In this section, we will focus on mediation of a state complaint.
What is mediation?
Mediation is a voluntary process in which the parent and the LEA agree to have confidential discussions with a qualified and impartial individual with the goal to resolve disputes alleged in a state filed complaint. If the parties reach agreement on a resolution, the parties will enter into a legally binding agreement that documents the resolution. The parent and LEA may agree in writing to extend the complaint timeline so they can participate in mediation.
Who may request mediation of a CDE special education complaint?
Parents of a child with a disability and the LEA may request mediation.
How do you request mediation of a special education complaint submitted to the CDE?
A request for mediation must be sent to the CDE via US mail, fax, or email. A request for mediation form (PDF) can be accessed on the CDE Quality Assurance web page. If you have any questions related to requesting a mediation for a complaint filed, please contact either the investigator assigned to your case provided the case is opened or the Complaint Support Unit, 1-800-926-0648.
It is important to note that both parties (parent and school district) must agree to mediation. In addition, the parent and public agency may agree in writing to extend the complaint timeline so they can participate in mediation.
Resources and online links
Laws and Regulations
- IDEA Statute and Regulations
- State Complaint Timelines and Procedures: California Education Code sections 56043(p) , and 56500.2
- State Investigation procedures: 5 CCR sections 3200-3204
- Office of Special Education Programs (OSEP)
- OSEP FAQ
- OSEP Policy Letters and Dear Colleague Letters
- What’s New in OSEP
Comparison of Processes Available for Resolving Disagreements Related to Special Education
|Questions for Each Process||CDE Complaint||Mediation of CDE Complaint||OAH Due Process||OAH Mediation Only|
|Who can initiate the process?||Any individual or organization||CDE is required to offer mediation to the parent or the LEA but both must agree, and participation is voluntary||Parent or LEA||Parent or LEA. Participation is voluntary|
|What is the time limit for filing?||One year from the date of the alleged violation||None specified||The parent or LEA must request a due process hearing through the filing of a due process complaint which must allege a violation that occurred not more than two (2) years before the date the parent or the LEA knew or should have known about the alleged action that forms the basis of the due process complaint.||None specified|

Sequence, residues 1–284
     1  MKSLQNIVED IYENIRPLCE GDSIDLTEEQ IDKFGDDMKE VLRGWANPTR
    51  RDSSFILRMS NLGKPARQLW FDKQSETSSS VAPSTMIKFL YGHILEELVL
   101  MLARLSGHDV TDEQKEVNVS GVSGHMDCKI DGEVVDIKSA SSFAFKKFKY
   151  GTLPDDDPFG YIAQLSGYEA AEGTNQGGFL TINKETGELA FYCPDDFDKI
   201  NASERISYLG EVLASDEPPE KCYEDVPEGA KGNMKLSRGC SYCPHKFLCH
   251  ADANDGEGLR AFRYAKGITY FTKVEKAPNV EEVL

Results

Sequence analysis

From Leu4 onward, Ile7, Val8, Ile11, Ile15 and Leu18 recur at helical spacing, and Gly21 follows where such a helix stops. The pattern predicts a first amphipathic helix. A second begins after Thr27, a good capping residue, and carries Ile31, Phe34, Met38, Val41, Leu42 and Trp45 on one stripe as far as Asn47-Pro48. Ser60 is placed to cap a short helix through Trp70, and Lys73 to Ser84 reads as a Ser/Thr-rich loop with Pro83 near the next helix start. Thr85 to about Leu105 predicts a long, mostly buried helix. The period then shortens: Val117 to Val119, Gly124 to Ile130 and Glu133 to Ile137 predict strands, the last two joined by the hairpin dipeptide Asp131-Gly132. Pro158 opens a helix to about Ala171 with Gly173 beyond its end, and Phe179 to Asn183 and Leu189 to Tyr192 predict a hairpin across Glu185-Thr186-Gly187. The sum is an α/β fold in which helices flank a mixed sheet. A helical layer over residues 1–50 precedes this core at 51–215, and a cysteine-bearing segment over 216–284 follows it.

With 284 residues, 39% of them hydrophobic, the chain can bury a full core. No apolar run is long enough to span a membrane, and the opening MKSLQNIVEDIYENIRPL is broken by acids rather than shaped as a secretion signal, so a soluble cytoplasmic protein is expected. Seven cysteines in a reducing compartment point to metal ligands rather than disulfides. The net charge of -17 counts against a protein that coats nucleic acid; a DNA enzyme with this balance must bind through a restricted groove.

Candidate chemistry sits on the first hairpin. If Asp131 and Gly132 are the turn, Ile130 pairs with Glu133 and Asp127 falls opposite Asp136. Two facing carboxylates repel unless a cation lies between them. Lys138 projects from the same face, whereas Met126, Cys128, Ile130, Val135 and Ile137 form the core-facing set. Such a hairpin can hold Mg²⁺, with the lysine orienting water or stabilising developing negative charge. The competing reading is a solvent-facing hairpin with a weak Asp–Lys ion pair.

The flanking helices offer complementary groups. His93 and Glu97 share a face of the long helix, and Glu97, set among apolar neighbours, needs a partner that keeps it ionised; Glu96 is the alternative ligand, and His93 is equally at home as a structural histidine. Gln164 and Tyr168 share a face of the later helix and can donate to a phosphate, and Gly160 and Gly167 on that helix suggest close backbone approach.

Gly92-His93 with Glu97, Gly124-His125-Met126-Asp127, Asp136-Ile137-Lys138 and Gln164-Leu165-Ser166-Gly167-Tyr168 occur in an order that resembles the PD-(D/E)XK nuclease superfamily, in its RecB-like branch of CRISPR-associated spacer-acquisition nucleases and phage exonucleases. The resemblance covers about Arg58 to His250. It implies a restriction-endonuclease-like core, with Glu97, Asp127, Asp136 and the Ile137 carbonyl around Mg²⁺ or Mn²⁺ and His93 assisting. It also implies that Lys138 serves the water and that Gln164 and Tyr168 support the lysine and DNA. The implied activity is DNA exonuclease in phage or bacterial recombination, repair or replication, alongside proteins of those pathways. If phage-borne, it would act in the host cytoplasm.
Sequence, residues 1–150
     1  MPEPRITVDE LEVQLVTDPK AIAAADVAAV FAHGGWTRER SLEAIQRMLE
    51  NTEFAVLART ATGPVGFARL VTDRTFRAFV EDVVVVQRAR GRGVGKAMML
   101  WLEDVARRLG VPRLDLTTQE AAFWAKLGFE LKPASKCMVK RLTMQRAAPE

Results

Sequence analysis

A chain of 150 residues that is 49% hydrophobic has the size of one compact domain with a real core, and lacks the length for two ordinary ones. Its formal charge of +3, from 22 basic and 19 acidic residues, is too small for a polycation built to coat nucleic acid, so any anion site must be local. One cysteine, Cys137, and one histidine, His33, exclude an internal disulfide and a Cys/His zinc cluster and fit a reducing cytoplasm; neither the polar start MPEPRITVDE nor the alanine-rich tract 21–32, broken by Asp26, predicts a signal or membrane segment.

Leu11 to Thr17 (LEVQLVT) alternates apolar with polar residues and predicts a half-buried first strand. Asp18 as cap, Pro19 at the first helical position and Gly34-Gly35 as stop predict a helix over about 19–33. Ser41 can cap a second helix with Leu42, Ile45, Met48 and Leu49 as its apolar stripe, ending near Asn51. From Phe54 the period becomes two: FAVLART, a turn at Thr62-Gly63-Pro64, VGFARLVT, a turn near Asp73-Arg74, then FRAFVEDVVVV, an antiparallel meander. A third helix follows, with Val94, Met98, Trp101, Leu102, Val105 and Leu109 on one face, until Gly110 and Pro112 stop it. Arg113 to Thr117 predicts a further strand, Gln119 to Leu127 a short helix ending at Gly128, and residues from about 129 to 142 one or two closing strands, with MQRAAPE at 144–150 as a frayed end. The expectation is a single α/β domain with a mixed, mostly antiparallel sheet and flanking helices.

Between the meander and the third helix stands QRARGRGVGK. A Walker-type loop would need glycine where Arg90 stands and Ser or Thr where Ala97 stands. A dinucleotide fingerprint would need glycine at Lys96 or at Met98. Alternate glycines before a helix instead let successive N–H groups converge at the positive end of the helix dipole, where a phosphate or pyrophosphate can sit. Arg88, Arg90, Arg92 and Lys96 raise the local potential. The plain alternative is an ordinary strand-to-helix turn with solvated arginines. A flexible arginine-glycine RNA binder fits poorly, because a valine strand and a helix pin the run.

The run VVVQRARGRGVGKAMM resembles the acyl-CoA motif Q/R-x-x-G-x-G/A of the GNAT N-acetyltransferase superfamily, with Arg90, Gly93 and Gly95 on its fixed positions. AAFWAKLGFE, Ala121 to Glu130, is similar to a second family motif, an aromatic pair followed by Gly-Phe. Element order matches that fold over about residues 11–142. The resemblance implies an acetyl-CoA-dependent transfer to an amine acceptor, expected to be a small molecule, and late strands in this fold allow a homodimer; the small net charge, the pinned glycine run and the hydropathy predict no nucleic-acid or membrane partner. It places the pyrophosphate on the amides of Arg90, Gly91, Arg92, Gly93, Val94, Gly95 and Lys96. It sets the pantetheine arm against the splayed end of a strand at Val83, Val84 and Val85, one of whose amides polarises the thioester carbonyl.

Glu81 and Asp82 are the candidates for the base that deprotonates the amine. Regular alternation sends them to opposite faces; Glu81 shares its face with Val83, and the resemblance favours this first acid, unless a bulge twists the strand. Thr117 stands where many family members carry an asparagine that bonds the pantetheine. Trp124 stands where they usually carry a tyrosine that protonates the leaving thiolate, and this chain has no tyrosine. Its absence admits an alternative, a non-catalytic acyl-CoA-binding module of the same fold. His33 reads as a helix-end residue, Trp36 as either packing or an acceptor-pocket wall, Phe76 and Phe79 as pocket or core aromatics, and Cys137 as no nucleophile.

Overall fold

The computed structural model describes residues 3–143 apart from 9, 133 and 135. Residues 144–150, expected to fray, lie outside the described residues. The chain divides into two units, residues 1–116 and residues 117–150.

|What issues can be resolved?||Alleged violations of federal and state special education laws.||Any matter identified in a CDE complaint||Any matter relating to the identification, evaluation or educational placement or provision of a free appropriate public education.||Any matter related to special education law|
|What is the timeline for resolving the issues?||60 days from receipt of the complaint unless an extension is agreed to by the parties or if exceptional circumstances exist with respect to a particular complaint||IDEA does not contain a specific timeframe in which mediation must occur. Because mediation is voluntary, the parties have the flexibility to identify a mutually agreeable time to meet.||45 days from the end of the resolution period unless specific extensions to the timelines are granted. Once an LEA is in receipt of the parent's due process complaint, the LEA must convene a resolution meeting within 15 days, unless the parties agree in writing to waive the meeting or agree to use mediation. The resolution period is 30 days from receipt of the parent's due process complaint unless the parties agree otherwise or the parent or LEA fails to participate in the resolution meeting or the LEA fails to convene the resolution meeting within 15 days of receipt of the parent's due process complaint.||In a timely manner|
|Who resolves the issues?||CDE||Parent and LEA with the help of a professional mediator arranged through CDE.||OAH Hearing Officer||Parent and LEA with the help of a professional mediator through OAH.|